The 2015 federal budget: What Canadians Need to Know

Finance Minister, Joe Oliver introduced the government’s 2015 Federal Budget yesterday. The big takeaway is that there will be tax breaks for everyone. Yay! 😀 The proposed budget is expected to get passed as the Tories hold a majority government.

It’s nice to finally see some welcomed changes in fiscal policy to address the economy rather than rely on monetary policy alone. 🙂 Federal budgets are important because it shapes the way we plan our personal finances.

Increased TFSA Contribution Room

The annual contribution limit for the Tax Free Savings Account rises to $10,000 effective immediately. This means Canadians who have already maxed out their TFSA for 2015 will now have another $4,500 of contribution room to use. The TFSA is a holding account where we can buy investments and not pay taxes on the gains.

Some people believe this change will only benefit the upper class who are already wealthy. Here’s my poor attempt at humour on Twitter from yesterday.

However, Ottawa says that individuals with annual incomes of less than $80,000 accounted for more than 80% of all TFSA holders at the end of 2013. And about half of TFSA holders had annual incomes less than $42,000, meaning the TFSA is mostly being used by the middle class. Personally I think the new TFSA policy benefits serious savers, not necessarily the wealthy.

RRSP delays taxation to a future date when we’ll likely be in a lower income tax bracket than today. Gains in a TFSA are made from after tax contributions and are not taxed, for the most part. So between the RRSP and TFSA average Canadians now have a lot more freedom and room to save and invest with preferential tax treatments.

Here’s a table showing how much someone would need to save to max out both accounts. The maximum RRSP contribution limit assumes the person earned the same income in the previous year.

Combined Tax Sheltered Savings Table 2015

Annual Gross Income Max TFSA Room Max RRSP Room Combined TFSA/RRSP Limit % of Income
$20,000 $10,000 $3,600 $13,600 68%
$30,000 $10,000 $5,400 $15,400 51%
$40,000 $10,000 $7,200 $17,200 43%
$50,000 $10,000 $9,000 $19,000 38%
$60,000 $10,000 $10,800 $20,800 35%
$70,000 $10,000 $12,600 $22,600 32%
$80,000 $10,000 $14,400 $24,400 31%
$90,000 $10,000 $16,200 $26,200 29%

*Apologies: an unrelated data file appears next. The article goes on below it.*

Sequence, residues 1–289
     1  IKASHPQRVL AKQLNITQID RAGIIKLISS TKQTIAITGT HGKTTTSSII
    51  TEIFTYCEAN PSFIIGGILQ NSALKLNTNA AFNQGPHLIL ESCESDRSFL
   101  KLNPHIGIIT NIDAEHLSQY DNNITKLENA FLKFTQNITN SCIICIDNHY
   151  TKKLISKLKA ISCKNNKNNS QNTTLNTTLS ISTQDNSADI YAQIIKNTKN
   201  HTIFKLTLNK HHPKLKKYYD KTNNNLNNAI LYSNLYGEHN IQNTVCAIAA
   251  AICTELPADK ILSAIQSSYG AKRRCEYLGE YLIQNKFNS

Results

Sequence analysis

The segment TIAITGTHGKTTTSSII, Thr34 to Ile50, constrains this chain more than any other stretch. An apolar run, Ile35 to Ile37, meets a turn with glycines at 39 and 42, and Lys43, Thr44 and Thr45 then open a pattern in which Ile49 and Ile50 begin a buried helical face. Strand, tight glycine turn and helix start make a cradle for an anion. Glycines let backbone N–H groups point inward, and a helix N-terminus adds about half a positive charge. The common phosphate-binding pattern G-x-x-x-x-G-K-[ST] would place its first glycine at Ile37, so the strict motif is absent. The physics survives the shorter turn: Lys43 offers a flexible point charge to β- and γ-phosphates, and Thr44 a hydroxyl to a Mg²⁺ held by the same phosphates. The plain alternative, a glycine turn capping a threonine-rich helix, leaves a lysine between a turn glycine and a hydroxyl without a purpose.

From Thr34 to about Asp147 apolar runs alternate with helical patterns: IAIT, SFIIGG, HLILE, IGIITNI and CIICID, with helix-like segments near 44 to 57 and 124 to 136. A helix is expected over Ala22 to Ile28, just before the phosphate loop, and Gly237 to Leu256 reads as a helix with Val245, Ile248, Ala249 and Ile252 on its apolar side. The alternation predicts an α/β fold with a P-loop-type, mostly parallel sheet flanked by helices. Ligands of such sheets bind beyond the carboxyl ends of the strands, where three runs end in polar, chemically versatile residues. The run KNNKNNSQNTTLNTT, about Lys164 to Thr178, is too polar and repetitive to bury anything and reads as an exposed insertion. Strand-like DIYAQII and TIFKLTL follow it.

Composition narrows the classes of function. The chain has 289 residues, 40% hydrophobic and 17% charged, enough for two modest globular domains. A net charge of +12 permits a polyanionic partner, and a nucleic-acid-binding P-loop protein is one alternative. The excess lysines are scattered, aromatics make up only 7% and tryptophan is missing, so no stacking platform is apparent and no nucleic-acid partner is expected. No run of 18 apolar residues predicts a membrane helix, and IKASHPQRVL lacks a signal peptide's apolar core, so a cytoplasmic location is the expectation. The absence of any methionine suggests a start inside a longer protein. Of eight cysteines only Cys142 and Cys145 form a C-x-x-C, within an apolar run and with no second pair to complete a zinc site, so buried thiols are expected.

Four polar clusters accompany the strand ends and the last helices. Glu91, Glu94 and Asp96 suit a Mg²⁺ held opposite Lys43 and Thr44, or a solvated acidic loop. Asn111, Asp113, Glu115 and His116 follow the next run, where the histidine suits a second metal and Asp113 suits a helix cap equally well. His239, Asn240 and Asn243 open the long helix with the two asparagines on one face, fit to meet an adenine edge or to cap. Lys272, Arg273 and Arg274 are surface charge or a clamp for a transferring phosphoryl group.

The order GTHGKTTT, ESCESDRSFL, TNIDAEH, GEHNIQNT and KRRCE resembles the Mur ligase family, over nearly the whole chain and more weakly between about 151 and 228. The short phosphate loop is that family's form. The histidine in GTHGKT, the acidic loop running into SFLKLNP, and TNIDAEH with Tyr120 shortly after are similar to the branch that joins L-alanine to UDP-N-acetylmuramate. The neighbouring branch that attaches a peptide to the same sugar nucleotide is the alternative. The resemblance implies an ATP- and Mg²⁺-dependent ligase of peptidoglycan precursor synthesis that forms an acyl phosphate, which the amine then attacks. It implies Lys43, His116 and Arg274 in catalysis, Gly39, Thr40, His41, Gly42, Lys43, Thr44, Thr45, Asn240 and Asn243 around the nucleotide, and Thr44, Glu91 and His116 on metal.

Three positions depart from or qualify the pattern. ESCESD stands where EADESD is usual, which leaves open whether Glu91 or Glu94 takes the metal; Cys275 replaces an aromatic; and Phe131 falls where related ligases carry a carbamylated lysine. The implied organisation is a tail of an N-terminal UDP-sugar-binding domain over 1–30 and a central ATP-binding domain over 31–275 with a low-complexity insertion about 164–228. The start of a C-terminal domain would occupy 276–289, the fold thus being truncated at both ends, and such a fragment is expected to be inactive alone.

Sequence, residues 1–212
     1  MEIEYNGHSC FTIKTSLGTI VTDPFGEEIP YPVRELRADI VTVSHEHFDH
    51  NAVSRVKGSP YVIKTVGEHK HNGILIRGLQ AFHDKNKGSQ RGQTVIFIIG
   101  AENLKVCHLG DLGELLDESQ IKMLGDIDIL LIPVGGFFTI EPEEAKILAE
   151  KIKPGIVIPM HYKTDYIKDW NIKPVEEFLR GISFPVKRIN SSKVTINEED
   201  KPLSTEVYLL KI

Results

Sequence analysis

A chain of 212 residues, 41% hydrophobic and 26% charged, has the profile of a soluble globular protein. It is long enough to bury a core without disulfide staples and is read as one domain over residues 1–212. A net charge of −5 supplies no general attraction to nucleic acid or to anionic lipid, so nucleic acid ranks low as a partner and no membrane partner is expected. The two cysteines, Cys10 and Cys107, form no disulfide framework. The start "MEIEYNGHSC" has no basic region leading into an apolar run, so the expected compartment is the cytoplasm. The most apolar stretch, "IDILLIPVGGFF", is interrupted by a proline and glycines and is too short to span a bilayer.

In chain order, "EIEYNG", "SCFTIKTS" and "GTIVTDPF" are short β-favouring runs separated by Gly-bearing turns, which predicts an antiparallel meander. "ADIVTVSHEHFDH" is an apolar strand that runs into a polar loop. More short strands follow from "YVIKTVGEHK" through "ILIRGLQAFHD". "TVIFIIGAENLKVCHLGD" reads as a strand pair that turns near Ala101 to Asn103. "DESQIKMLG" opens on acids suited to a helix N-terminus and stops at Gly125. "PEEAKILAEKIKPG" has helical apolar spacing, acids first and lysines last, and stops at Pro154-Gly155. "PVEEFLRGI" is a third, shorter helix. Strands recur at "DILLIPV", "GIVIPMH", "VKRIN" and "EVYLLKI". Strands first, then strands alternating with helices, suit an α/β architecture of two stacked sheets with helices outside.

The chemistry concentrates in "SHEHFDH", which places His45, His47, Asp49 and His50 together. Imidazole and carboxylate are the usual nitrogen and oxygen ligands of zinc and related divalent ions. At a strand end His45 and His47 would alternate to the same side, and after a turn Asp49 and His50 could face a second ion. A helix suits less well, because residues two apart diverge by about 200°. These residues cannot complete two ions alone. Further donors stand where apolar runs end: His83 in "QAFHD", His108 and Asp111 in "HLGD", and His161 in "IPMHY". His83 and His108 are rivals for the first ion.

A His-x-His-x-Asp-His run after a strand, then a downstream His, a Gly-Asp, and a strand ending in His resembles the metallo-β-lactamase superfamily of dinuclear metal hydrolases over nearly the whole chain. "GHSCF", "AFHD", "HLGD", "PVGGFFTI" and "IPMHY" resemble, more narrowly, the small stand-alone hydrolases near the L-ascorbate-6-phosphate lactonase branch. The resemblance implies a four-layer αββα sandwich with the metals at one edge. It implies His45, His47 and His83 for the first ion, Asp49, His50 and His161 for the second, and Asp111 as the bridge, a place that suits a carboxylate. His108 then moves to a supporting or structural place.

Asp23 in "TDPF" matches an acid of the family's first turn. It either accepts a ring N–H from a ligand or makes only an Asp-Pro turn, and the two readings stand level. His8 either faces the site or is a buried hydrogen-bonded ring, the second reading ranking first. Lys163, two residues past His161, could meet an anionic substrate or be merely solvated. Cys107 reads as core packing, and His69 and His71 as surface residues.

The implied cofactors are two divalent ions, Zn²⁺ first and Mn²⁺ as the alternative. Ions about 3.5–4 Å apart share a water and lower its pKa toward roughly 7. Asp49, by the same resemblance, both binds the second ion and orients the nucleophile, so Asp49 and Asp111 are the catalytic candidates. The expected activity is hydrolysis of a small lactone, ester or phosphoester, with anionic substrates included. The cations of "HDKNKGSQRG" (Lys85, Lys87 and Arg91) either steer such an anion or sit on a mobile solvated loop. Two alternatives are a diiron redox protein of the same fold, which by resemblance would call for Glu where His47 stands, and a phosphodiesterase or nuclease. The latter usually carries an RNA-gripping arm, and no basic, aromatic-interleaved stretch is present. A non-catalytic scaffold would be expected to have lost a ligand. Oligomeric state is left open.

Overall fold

$100,000 $10,000 $18,000 $28,000 28%


As we can see people who make $50,000 a year will have to save more than 38% of their incomes before running out of space in tax advantaged accounts. There is no point in buying GICs, bonds, stocks, mutual funds, and other investments in a regular cash account anymore, unless you’re like me and trade derivatives or buy securities on margin. 😉

Decreased Minimum RIF Withdrawal Rate

The new federal budget also gives seniors more options. When an RRSP is converted into a Registered Retirement Income Fund (RRIF) retirees will be able to leave more money in their tax sheltered account each year to help their savings last longer and can also lower their overall tax burden. The proposed new RIF minimum withdrawal rate will decrease from the current 7.38% at the age of 71, to 5.28% starting at the age of 71, and gradually increase to 20% by age 95. 😄


In general lower income, and younger folks should prioritize saving in a TFSA before considering RRSP, and vice-versa for high income earners. I like to put bonds in my RRSP, and the more volatile, higher potential investments in my TFSA. For most Canadians I believe the TFSA has a more important role in our financial lives than the RRSP. However, both are important as the RRSP can save us money today by delaying the tax liability to future years, while the TFSA can save us money in the future. Holding the right amount of each can minimize the overall taxes we pay over time.

In today’s dollars if someone retires at age 60 with a TFSA portfolio of $500,000 and an RSP/RIF portfolio of $250,000, here is what their retirement might look like:

  • They take out $10,000 from a RRIF. This is taxable income but no taxes are paid because it’s below the $11,300 basic personal amount.
  • They take out another $20,000 from a TFSA. This is tax free income.

That’s a combined annual retirement income of $30,000 completely tax free. 🙂 On top of this most Canadians will receive government benefits like OAS, GIS, and CPP. The $30,000 withdrawal represents 4% of the entire $750,000 portfolio so it should be sustainable. Furthermore TFSA withdrawals don’t count as income for clawing back old age benefits. This is one reason why the TFSA might be a better option than the RRSP for most people. 😉

By contributing the maximum amount starting now ($10,000/year) it will take 26 years to build a TFSA portfolio worth $500,000, assuming an average investment return of 5%/year over inflation. The earlier we start the better. However the TFSA does not appear to be very popular with the younger generation.


The changes to the TFSA and RIF are essentially tax breaks for Canadian savers and seniors. 🙂


Other 2015 Federal Budget Highlights